Rachel Baiman Trio (USA)

Fri 17th March 2023


Doors at 7pm, show at 8pm. All Seated.

Chicago-born, Nashville resident, Rachel played a blinder when she appeared at TLR with Molly Tuttle back in April 2018, now she returns with her band. Rachel’s 2017 label debut Shame was featured on NPR’s ‘Songs We Love’, called a ‘Rootsy Wake-up Call’ by Folk Alley, and described by Vice’s ‘Noisey’ as ‘flipping off authority one song at a time.’ Produced by Andrew Marlin of Mandolin Orange, it features ‘I Could’ve Been Your Lover Too’, which has reached over a million plays on Spotify.

Rachel Baiman Trio

The EP ‘Thanksgiving’ is an intriguing follow up to ‘Shame’. The songs give her a chance to stretch out stylistically, moving effortlessly between bluegrass, to folk, old-time and country. The bittersweet lyricism she’s become known for conveys the push and pull of hardship and hope we often feel during the holiday season.

Raised in Chicago by a radical economist and a social worker, Baiman was surrounded by social justice issues her entire life. “If I wanted to rebel against my parents, I could have become a finance banker or a corporate lawyer”, she says of her childhood. While her classmates went to church or temple on Sunday mornings, Baiman attended the Ethical Humanist Society of Greater Chicago, a non-religious community formed around discussions of morality and current events. “That was always a tough one to explain at school”, she says with a laugh.

As a teenager, Baiman found music to be a welcome escape from worrying about global politics. “I often found the constant discussion of seemingly unsolvable problems to be intense and overwhelming, and when I moved to Nashville to pursue music it felt like something positive, beautiful and productive that I could put into the world. Now that I’ve had some years to devote to music,”—Baiman has been recording and touring internationally for the past 4 years with 10 String Symphony, and has played fiddle for numerous other artists including Kacey Musgraves and Winnipeg folk band Oh My Darling

plus support Misty River

Misty River's debut album, Promises, is a brutally honest and beautifully evocative collection of songs written at a time of great change in the singer-songwriter’s life.

With a father from Dublin and a mother from Trinidad, Misty River’s music reflects a rich range of cultural influences. Having "run away" from a strict classical conservatoire to immerse herself in traditional fiddle music in the west of Ireland, she quickly became a sought-after violinist and fiddler, touring with acts from the Corrs to the Kooks, Serj Tankien to Sinead O’Connor. She began writing and singing her own songs after the onset of a chronic illness, and identity in adversity is a recurrent theme in Promises.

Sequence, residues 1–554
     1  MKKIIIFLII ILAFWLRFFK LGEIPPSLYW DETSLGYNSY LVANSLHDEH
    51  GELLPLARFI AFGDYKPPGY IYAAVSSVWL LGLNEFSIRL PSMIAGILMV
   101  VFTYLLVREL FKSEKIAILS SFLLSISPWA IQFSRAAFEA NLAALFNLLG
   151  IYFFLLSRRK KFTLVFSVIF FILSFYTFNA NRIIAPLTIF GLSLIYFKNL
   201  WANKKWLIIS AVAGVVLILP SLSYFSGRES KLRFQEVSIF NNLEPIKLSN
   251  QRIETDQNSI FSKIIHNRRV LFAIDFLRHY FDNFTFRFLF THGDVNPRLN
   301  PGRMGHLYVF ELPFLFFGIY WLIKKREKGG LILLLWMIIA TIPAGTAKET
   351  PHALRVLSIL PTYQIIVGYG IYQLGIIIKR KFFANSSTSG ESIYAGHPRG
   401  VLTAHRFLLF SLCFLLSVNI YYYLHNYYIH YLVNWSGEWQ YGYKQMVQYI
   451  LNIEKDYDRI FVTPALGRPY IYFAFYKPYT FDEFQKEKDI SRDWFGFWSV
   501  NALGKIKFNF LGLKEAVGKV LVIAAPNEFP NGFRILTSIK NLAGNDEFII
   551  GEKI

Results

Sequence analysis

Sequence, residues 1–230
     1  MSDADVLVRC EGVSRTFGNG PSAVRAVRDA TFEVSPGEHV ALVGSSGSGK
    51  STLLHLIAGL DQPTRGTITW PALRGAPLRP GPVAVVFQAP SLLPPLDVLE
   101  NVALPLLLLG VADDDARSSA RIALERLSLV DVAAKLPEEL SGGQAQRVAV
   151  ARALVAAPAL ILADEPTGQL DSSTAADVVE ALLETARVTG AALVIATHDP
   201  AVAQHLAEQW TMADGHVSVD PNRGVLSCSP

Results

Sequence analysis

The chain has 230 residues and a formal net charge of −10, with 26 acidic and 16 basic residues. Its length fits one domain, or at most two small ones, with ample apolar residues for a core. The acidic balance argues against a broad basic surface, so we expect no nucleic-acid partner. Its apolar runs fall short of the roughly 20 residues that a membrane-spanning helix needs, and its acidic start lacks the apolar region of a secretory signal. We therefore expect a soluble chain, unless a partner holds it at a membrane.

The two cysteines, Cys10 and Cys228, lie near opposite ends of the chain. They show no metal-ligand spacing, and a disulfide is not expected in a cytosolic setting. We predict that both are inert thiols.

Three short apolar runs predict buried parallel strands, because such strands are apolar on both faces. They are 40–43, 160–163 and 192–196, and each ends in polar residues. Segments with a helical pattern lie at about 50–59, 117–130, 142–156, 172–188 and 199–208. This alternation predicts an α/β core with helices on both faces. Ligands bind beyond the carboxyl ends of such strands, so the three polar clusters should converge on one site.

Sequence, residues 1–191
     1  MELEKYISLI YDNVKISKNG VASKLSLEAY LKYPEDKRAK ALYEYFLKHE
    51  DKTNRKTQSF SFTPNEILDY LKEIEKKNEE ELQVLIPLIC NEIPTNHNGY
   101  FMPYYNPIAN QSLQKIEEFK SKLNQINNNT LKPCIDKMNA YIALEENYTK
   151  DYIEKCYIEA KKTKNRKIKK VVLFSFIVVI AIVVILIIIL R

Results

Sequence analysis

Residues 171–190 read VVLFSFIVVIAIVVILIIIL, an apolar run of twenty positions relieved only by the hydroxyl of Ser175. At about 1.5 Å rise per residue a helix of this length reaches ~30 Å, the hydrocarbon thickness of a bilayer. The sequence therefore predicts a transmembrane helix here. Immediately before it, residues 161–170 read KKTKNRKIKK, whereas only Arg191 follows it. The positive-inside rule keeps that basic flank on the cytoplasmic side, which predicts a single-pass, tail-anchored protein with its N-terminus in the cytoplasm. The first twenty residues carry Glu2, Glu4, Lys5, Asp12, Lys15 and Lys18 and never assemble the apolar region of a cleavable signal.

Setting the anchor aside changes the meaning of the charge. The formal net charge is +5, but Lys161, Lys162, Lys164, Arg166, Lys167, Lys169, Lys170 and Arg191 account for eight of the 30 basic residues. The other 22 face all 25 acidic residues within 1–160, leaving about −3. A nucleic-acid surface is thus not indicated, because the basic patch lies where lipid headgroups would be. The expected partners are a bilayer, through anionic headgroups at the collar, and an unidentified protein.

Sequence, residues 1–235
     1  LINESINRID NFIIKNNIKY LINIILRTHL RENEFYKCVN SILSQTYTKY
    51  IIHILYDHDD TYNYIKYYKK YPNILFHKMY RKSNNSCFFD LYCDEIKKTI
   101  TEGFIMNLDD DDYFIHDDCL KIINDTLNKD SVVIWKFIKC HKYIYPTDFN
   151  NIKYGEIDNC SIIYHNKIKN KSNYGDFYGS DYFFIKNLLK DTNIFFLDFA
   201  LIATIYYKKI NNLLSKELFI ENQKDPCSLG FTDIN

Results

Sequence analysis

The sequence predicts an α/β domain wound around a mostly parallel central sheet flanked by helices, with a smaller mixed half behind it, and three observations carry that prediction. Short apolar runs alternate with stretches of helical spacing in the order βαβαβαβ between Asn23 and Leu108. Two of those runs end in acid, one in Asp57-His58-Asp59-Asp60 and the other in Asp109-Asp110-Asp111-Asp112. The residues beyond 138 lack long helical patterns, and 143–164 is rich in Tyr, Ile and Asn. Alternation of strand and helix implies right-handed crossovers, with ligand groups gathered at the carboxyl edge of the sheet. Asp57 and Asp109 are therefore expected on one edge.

“As a result of my illness, it looked like I wouldn’t be able to play any more. That uncertainty gave me an overwhelming sense that now was the time to get on with things, once-and-for-all.” It was then she began writing, and found her own voice – quite literally. “one of the reasons my voice is so unusual is that my condition affects my vocal chords too.”

Misty River’s harmonious blend of Americana and traditional roots music combines soulful melodies and heartfelt lyrics with honey-sweet vocals. The debut album, released on October 1st includes the gently captivating Take This Dance, which featured on both the Oscar-winning film “A Phone Call” and the award-winning Netflix documentary “A Secret Love”.

The album, produced by husband Adam Morley and mixed in Nashville by Vance Powell (Chris Stapleton, The White Stripes), draws on the music on which she was raised, from Fleetwood Mac, The Rolling Stones and The Band to the Dubliners and Roberta Flack.

‍'Country-folk with a transatlantic flavor' - The Bluegrass Situation

‍'Country-Folk anthem tinged with Blues inflections' - Holler

‍'Get to know the name Misty River. Fans of Allison Kraus, Brandi Carlile, and The Chicks will adore her' - The Women Of Country

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